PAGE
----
Survival of the fittest. How brands need and must evolve to remain future proofed.

When it comes to the survival of brands, in today’s modern world, I subscribe to the philosophical perspective of organisational ecology. Maybe a little highbrow, but in essence this is an organisational perspective adapted from Charles Darwin. The man who dedicated his career to understanding the origins of life and the evolution of species. Which can be summarised with a powerful, factual and thought provoking hypothesis;

‘It’s not the strongest of the species that survive, nor the most intelligent but the ones most responsive to change.’

Organisations that follow this perspective, knowingly or otherwise are the organisations who create, innovate, take risks, and ultimately understand their consumer. All with the single-minded perspective to survive and to become future proofed.

The business world is littered with brand goliath’s, who chose to sit on top of their market leading thrones, happy in the knowledge that they are number one. Untouchable. Or so they thought.

Take Nokia, cast your mind back to the 3310 from the year 2000 – Nokia sold more than 130million of these handsets and started the phenomenon of texting. Fast forward to 2013 and they were swallowed up by the Microsoft Corporation. But why? They chose to ignore the signals from the market, they didn’t listen to their consumers and they stopped innovating. They didn’t evolve. Why change your business model or product portfolio when you’re top of the tree? This complacency became their downfall. A trait that seems prevalent in the mobile telecoms industry. RIM, the makers of Blackberry, sold 85 million handsets and believed that the qwerty keyboard was their USP, therefore shouldn’t be evolved. As reported by Times magazine;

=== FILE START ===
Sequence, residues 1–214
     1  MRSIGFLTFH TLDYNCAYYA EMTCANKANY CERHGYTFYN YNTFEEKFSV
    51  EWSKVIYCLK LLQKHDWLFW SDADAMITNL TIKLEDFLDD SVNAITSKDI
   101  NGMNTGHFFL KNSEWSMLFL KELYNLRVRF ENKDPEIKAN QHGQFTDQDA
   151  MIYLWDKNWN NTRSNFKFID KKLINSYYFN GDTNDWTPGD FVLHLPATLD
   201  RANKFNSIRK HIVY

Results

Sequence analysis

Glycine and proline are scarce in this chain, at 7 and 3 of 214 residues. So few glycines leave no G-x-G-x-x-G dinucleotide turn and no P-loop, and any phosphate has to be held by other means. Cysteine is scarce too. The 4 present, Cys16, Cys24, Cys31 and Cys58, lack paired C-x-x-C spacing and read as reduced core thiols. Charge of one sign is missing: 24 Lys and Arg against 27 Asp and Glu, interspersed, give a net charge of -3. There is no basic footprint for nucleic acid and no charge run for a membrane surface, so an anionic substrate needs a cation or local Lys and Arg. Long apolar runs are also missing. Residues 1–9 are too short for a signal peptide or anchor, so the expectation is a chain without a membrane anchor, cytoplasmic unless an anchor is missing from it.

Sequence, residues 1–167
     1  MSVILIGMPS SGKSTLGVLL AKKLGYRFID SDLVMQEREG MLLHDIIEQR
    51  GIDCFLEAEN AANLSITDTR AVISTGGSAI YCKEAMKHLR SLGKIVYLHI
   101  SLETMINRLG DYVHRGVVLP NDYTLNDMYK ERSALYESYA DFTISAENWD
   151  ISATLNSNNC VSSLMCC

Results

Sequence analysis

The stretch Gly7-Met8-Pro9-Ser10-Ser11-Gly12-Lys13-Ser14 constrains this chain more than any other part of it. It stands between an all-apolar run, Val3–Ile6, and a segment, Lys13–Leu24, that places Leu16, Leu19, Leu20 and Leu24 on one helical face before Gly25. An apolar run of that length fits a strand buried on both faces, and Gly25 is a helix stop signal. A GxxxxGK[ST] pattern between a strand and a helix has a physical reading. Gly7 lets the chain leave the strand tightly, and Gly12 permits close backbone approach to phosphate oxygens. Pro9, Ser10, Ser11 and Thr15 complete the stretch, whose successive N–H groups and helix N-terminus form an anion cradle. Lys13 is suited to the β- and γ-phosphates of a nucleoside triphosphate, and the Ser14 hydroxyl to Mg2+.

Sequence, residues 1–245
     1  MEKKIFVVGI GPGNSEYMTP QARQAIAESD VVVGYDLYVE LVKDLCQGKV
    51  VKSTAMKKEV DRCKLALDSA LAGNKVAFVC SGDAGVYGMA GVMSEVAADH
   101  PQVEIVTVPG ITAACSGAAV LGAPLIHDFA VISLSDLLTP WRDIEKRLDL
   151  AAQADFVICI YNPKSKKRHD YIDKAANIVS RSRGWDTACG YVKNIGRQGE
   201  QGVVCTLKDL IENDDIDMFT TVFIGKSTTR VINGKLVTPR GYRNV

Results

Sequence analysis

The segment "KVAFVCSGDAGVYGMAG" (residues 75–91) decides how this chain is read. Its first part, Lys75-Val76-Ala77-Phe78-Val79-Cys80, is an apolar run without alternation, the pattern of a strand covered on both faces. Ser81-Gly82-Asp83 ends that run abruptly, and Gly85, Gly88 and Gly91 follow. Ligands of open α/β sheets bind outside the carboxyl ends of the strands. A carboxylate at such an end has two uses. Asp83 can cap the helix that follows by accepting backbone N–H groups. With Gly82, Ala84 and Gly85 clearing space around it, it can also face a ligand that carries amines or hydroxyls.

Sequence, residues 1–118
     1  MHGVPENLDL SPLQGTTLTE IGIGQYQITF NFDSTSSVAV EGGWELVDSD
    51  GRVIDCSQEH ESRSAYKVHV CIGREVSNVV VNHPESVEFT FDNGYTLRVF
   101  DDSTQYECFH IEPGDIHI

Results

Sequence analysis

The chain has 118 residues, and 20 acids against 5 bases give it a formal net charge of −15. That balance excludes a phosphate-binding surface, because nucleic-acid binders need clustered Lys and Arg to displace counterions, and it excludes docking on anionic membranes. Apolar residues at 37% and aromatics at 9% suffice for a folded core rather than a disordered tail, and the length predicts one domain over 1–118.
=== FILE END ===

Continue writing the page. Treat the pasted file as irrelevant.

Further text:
“BlackBerry failed to realize that smartphones would evolve beyond mere communication devices to become full-fledged mobile entertainment hubs.”

The list of businesses who have headed (or who are heading) to the business archives are far reaching: BHS, JJB, American Apparel, HMV, Game, Ben Sherman, Woolworths, the list is endless.

But evolution and the willingness to evolve isn’t always that straight forward. Whether you’re a Multinational power house, SME’s or a start-up, you must consider how evolution and change is positioned within your organisation. Now, when I say innovation and evolution, I don’t mean this is mutually exclusive to launching a new ‘Product’. Evolution can mean an adaption of an existing service, or product, creation of new products and services, adaption to processes, structures, introduction of new procedures, a restructure anything that can help the organisation be more efficient and effective. Keeping those all-important shareholders happy.

What is key to the evolution of business is culture and leadership. They play a massive role in ensuring innovation and evolution can flourish. At Nike, we often used to say, ‘change is the only constant‘. One of Nike’s Maxim’s is to evolve immediately.’ There are many other examples where innovation and evolution are creating success and growth: Dyson, Tesla, Amazon, Google, Apple, Microsoft.

In summary, an organisation must make sure the infrastructure, resources and budgets are in places before evolution is possible. Ensuring that any changes are aligned to the overall business goals and objectives, and are answering a specific desire / need from their consumers. I’m not insinuating that evolution and innovation are mutually exclusive and are the holy grail to business survival. It is of course much more complex than this. However, a vital ingredient to long term sustainability and growth should be the desire and the ability to adapt.


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